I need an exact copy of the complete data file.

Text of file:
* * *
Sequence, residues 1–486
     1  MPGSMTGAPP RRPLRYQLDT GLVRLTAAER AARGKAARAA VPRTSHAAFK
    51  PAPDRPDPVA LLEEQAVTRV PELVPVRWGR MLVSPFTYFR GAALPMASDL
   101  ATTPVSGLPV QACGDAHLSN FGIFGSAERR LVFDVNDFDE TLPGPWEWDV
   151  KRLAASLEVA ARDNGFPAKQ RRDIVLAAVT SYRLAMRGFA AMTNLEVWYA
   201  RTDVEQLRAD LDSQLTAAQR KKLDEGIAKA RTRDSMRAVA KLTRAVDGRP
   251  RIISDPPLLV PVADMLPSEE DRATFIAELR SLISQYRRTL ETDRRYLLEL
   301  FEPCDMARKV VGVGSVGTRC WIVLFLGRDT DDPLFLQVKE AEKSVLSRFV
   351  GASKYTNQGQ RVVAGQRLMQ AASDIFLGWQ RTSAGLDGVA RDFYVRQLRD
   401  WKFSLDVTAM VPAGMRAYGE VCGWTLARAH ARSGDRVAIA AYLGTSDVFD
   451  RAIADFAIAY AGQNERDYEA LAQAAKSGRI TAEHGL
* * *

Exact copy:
Sequence, residues 1–486
     1  MPGSMTGAPP RRPLRYQLDT GLVRLTAAER AARGKAARAA VPRTSHAAFK
    51  PAPDRPDPVA LLEEQAVTRV PELVPVRWGR MLVSPFTYFR GAALPMASDL
   101  ATTPVSGLPV QACGDAHLSN FGIFGSAERR LVFDVNDFDE TLPGPWEWDV
   151  KRLAASLEVA ARDNGFPAKQ RRDIVLAAVT SYRLAMRGFA AMTNLEVWYA
   201  RTDVEQLRAD LDSQLTAAQR KKLDEGIAKA RTRDSMRAVA KLTRAVDGRP
   251  RIISDPPLLV PVADMLPSEE DRATFIAELR SLISQYRRTL ETDRRYLLEL
   301  FEPCDMARKV VGVGSVGTRC WIVLFLGRDT DDPLFLQVKE AEKSVLSRFV
   351  GASKYTNQGQ RVVAGQRLMQ AASDIFLGWQ RTSAGLDGVA RDFYVRQLRD
   401  WKFSLDVTAM VPAGMRAYGE VCGWTLARAH ARSGDRVAIA AYLGTSDVFD
   451  RAIADFAIAY AGQNERDYEA LAQAAKSGRI TAEHGL